We already have quite a few Google Web Toolkit I/O sessions and Developer Sandbox demos lined up, and we expect this number to grow over the coming months. Here's a partial list of the GWT sessions that are already listed on the I/O website:

    Over the next couple of months, we'll be adding new GWT sessions and more GWT Developer Sandbox participants to the I/O website. For updates on when new content is added, follow @googleio on Twitter.

    Registration for Google I/O (at the early bird rate of $400) is open as of today. We hope you'll be as excited about this year's I/O as we are, and we look forward to seeing everyone in May.


    Tuesday, January 12, 2010

    [Gd] Documents List API: Upload any file type and more!

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    Google Code Blog: ​Documents List API: Upload any file type and more!

    As just announced over on the Enterprise blog, Google Docs now allows users to upload any type of file! Over the next couple of weeks we’ll be rolling out the same feature in the Documents List Data API. For now, uploading arbitrary files via the API will be restricted to Google Apps Premier domains. For starters, each user gets 1GB of storage with a maximum size of 250 MB per file.

    Combined with the shared folders feature of Google Docs, we think this new feature is a great way to build collaborative applications for exchanging files with coworkers and external parties. No more email attachments!

    In addition to arbitrary file upload, we’re launching several top features requested by developers:
    Look for resumable upload support in the Java, Python, and Objective-C client libraries in the near future. As always, if you have any questions, please visit us in our new developer forum.

    Issues resolved in this release: 72, 1040, 1675, 1260, 1741, 1127

    By ​Eric Bidelman, Google Docs Team

    [Gd] Google I/O 2010: Now open for registration

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    Google Code Blog: Google I/O 2010: Now open for registration

    I'm excited to announce that registration for Google I/O is now open at Our third annual developer conference will return to Moscone West in San Francisco on May 19-20, 2010. We expect thousands of web, mobile, and enterprise developers to be in attendance.

    I/O 2010 will be focused on building the next generation of applications in the cloud and will feature the latest on Google products and technologies like Android, Google Chrome, App Engine, Google Web Toolkit, Google APIs, and more. Members of our engineering teams and other web development experts will lead more than 80 technical sessions. We'll also bring back the Developer Sandbox, which we introduced at I/O 2009, where developers from more than 100 companies will be on hand to demo their apps, answer questions and exchange ideas.

    We'll be regularly adding more sessions, speakers and companies on the event website, and today we're happy to give you a preview of what's to come. Over half of all sessions are already listed, covering a range of products and technologies, as well as speaker bios. We've also included a short list of companies that will be participating in the Developer Sandbox. For the latest I/O updates, follow us (@googleio) on Twitter.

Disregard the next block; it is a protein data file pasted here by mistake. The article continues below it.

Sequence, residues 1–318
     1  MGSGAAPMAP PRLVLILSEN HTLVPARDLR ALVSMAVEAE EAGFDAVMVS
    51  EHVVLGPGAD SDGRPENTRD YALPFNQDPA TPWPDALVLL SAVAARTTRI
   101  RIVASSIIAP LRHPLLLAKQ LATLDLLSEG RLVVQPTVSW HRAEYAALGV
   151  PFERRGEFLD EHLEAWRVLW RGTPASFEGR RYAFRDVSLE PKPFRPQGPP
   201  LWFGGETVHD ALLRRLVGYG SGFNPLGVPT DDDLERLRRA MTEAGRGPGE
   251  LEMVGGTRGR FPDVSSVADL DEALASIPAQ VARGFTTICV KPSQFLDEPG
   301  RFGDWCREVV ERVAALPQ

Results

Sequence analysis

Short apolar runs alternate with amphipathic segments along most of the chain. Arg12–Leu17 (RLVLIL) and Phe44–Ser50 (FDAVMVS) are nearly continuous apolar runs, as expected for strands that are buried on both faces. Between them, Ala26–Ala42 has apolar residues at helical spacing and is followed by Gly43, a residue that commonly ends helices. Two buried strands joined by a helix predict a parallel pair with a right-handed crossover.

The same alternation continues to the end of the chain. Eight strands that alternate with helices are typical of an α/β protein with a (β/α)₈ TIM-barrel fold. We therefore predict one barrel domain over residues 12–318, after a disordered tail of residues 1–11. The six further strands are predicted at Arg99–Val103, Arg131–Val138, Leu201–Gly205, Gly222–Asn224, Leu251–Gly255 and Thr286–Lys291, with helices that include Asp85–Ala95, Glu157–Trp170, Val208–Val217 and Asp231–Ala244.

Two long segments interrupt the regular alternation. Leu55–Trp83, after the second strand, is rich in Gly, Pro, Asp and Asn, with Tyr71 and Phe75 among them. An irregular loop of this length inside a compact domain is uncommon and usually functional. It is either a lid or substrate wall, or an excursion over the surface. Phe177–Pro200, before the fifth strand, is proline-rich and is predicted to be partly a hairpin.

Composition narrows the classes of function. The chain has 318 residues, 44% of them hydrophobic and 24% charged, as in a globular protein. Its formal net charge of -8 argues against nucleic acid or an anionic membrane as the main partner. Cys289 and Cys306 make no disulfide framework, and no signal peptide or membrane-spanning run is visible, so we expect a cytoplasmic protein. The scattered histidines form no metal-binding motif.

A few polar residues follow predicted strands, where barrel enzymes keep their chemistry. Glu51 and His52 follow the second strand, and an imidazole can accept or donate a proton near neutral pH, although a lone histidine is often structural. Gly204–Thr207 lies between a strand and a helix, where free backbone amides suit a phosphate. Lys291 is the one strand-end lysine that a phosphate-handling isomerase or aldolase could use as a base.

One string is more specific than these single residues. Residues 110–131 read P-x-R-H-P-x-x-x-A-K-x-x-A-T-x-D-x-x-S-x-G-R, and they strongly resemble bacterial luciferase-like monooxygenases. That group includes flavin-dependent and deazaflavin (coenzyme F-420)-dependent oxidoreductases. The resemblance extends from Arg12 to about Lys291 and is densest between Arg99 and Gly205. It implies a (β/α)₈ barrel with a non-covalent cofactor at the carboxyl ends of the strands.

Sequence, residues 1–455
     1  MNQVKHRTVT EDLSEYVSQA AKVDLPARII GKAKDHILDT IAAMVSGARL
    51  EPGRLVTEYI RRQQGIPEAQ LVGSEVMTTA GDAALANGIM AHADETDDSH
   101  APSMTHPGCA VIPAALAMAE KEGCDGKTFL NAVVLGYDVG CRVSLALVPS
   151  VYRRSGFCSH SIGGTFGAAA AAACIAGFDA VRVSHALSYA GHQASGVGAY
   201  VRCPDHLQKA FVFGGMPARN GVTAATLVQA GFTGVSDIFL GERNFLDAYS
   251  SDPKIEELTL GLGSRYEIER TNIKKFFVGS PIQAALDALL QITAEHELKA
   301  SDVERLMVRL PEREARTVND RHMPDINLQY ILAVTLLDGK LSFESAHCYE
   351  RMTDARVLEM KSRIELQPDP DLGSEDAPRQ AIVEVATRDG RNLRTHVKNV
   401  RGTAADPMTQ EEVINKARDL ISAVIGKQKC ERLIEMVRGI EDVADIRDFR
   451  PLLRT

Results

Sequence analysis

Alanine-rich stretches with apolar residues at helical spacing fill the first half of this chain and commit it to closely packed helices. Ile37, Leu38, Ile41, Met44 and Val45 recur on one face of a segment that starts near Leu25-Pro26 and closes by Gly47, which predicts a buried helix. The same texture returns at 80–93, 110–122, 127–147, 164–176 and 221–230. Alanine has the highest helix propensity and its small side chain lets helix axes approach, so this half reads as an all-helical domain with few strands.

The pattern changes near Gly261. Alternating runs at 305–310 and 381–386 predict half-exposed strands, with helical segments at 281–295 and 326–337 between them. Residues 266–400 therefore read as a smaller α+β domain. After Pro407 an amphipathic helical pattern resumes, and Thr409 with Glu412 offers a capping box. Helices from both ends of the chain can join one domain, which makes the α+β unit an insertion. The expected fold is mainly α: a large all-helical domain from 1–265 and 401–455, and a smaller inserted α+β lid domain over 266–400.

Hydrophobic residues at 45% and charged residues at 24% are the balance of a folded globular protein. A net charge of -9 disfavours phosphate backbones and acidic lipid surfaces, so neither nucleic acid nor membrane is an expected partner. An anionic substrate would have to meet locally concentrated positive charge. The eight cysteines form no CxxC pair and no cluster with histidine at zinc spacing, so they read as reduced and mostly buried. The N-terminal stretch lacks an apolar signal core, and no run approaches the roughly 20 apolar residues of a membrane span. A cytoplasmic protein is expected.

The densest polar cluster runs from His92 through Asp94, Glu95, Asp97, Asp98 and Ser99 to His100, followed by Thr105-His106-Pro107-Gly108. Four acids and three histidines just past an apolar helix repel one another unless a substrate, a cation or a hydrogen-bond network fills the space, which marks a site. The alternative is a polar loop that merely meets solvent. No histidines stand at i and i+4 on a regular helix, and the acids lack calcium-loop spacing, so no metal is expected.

Today's registration opens with an early bird rate of $400, which applies through April 16 ($500 after April 16). Faculty and students can register at the discounted Academia rate of $100 (this discounted rate is limited and available on a first come, first serve basis).

    Last year's I/O sold out before the start of the conference, so we encourage you to sign up in advance.

    Google I/O
    May 19-20, 2010
    Moscone West, San Francisco

    To learn more and sign up, visit

    We hope to see you in May!

    By David Glazer, Engineering Director

    Monday, January 11, 2010

    [Gd] Beta Channel Update

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    Google Chrome Releases: Beta Channel Update

    The Beta channel has been updated to for Windows.

    This release adds additional functionality to extensions:

    • The addition of internationalization support for extensions
    • [r34858] Adds a right-click context menu for Browser Actions and Page Actions. (Issue: 29538)
    • [r35233] Disables content scripts in Incognito mode. (Issue: 21392)
    • [r35663] Prevents extension popups from being dismissed when the focus changes from a child window of the popup, as it is the case with select popups. (Issue: 28110)
    • [r35681] Enforces minimum version from the extension manifest. (Issue: 24737)

    More details about additional changes are available in the svn log of all revisions.

    Anthony Laforge
    Google Chrome Program Manager

    [Gd] Android 2.1 SDK

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    Android Developers Blog: Android 2.1 SDK

    Today, we are releasing the SDK component for Android 2.1, so that developers can take advantage of the new features introduced in Android 2.1. Please read the Android 2.1 release notes for more details. You can download the Android 2.1 component through the SDK Manager.

    In addition to the new SDK, a new USB driver that supports Nexus One is also available today through the SDK Manager. The USB driver page contains more information.